1.2.5. Period V: May 2008 through April 2009

Kookmin Ilbo (a newspaper) reported on May 2, 2008, that BSE transferable SRM would be brought into South Korea according to the Korea-US beef agreement. The paper introduced specialists’ opinions stating that certain SRM (e.g., brain, spinal cord, eye, head bone, tongue, tip of small intestine) from cattle 30 months or older had to be removed. However, since quarantine authority had no way to confirm the history of beef, SRM could be brought in. The Ministry of Food, Agriculture, Forestry, and Fisheries explained that SMR from cattle 30 months or older would be completely removed in the slaughter and manufacturing process and dental examiners determined the age of cattle in the slaughter house under a veterinarian’s supervision. Right after the agreement, the government of South Korea announced that consumers could buy and eat quality beef at low price and the choice was a matter for the consumer. The government did not respond to the argument, calling it a “ghost story” at first. The government did hold a press conference to announce that US beef is very safe on May 2, 2008 [27].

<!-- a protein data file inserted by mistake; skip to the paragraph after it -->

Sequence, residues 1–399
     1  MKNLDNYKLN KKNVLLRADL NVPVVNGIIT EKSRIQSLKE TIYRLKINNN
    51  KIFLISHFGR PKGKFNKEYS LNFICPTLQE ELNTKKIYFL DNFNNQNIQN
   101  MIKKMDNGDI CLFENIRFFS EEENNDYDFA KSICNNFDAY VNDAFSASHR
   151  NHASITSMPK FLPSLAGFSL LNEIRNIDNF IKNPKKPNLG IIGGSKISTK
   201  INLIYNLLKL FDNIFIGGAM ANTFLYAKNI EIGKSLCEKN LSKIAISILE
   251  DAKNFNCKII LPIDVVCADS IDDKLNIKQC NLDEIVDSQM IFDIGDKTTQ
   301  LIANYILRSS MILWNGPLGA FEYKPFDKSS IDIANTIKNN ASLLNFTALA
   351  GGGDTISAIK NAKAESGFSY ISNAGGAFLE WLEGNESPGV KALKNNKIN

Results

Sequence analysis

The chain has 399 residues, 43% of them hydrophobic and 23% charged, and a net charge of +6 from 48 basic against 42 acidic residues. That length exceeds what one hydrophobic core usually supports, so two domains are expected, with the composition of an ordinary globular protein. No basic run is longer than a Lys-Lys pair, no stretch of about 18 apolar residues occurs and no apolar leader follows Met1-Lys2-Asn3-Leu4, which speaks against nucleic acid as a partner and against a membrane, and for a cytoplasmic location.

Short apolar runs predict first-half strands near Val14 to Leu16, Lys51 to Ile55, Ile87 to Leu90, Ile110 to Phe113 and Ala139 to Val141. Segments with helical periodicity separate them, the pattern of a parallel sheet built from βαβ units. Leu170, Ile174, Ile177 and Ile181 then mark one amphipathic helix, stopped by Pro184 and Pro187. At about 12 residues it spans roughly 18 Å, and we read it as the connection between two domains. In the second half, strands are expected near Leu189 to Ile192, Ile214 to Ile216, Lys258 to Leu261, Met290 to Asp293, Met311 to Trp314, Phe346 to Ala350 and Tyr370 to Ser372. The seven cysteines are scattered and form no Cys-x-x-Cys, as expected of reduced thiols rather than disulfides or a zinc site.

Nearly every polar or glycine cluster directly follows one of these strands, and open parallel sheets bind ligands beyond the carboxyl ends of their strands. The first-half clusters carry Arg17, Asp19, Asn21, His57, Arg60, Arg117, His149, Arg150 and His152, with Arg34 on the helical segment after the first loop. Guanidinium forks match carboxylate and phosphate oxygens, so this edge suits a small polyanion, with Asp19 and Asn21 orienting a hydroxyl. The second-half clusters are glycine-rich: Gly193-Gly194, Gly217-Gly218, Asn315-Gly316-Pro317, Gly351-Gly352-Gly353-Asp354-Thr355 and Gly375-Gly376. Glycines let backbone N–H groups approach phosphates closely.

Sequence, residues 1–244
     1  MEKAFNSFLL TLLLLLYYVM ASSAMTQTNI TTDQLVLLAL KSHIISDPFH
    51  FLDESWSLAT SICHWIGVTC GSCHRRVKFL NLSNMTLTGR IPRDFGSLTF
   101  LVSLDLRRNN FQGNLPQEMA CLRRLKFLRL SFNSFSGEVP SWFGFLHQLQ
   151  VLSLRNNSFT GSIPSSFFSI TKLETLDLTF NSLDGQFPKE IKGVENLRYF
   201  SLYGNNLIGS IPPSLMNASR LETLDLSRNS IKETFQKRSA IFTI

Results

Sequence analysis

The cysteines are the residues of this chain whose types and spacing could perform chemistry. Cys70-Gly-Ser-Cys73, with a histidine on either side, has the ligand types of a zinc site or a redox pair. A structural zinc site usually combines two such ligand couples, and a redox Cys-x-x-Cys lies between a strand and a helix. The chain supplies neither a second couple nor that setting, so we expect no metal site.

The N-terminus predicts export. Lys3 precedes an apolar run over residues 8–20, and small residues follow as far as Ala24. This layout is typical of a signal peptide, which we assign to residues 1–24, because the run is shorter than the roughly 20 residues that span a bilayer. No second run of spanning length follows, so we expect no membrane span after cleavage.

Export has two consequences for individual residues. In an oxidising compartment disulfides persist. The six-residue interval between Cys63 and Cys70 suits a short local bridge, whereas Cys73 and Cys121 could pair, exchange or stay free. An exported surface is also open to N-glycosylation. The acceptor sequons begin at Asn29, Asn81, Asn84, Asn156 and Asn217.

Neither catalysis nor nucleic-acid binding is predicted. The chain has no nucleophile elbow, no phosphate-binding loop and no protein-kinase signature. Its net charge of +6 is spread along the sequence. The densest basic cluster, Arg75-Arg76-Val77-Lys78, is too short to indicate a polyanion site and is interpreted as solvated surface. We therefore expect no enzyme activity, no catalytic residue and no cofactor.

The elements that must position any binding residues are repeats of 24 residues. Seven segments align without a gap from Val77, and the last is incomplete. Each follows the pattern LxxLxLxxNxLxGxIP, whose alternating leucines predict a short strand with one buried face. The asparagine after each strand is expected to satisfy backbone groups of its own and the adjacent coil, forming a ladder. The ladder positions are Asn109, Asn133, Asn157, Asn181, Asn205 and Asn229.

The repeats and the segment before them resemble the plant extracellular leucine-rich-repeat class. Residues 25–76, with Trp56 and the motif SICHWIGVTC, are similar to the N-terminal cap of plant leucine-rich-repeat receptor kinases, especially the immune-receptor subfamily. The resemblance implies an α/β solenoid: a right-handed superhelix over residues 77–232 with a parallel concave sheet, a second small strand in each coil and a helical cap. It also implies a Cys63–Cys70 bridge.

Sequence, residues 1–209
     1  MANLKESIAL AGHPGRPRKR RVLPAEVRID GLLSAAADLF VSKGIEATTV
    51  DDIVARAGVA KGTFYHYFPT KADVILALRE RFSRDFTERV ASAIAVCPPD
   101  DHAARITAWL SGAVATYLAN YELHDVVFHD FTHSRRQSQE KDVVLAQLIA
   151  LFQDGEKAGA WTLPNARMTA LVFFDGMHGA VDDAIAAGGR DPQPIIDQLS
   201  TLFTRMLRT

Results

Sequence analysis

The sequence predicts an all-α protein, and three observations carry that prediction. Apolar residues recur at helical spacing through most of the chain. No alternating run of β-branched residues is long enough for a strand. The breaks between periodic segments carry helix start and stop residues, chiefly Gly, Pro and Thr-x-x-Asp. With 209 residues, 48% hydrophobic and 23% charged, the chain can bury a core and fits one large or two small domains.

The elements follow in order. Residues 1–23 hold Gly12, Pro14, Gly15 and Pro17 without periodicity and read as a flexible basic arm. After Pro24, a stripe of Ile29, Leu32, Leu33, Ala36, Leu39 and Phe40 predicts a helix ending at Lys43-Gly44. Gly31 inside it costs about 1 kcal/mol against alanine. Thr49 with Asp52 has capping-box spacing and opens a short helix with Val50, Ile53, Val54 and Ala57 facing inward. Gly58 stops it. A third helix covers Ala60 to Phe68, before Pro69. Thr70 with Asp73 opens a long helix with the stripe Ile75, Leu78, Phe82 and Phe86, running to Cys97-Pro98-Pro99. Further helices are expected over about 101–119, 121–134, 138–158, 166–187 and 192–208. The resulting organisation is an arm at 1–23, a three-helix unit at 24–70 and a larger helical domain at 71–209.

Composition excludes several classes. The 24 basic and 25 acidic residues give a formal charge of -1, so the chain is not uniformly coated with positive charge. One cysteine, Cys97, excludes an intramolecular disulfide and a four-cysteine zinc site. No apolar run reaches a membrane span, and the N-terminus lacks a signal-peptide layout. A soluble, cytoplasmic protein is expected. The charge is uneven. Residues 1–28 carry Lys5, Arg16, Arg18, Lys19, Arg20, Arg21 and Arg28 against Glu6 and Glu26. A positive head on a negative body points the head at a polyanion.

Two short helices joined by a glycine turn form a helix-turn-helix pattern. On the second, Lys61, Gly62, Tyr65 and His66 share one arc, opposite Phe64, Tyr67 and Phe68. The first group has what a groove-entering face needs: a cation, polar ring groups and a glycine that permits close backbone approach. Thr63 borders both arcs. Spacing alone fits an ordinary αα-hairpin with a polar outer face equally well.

The contents of the agreement of May 5, 2008, were said not to reflect the people’s opinion [28]. Many parties debated the issue and political parties, the press, and specialist groups amplified the debate. Since most BSE cases were found in cattle older than 30 months, countries throughout the world started to import only beef under 30 months but, by the agreement, South Korea also was to import beef over 30 months. The OIE recommended not importing seven parts, including the brain, skull, spinal cord, eye, and backbone, from cattle 30 months or older [29]. However, if under 30 months, only the tonsils and end part of the small intestine were to be excluded. South Korea requested an indication of age, but the US declined. The countries only agreed to indicate under 30 months for T-bone steak, which has backbone ‒ one of the SRMs ‒ for 180 days. For other SRMs, people of South Korea could only hope that the US respected the age guidelines [30]. The government of South Korea could not stop importing or impose a quarantine even though BSE had broken out in the US. Before that agreement, if the US quarantine system was suspected of having a significant problem, the government of South Korea could stop importing based on its own judgment [31]. However, under the hygiene conditions of the new agreement, the only requirement for the US was to conduct epidemiological research and report the results. For that reason, the government’s beef negotiation of South Korea was criticized as abandoning the people’s right to health and to quarantine.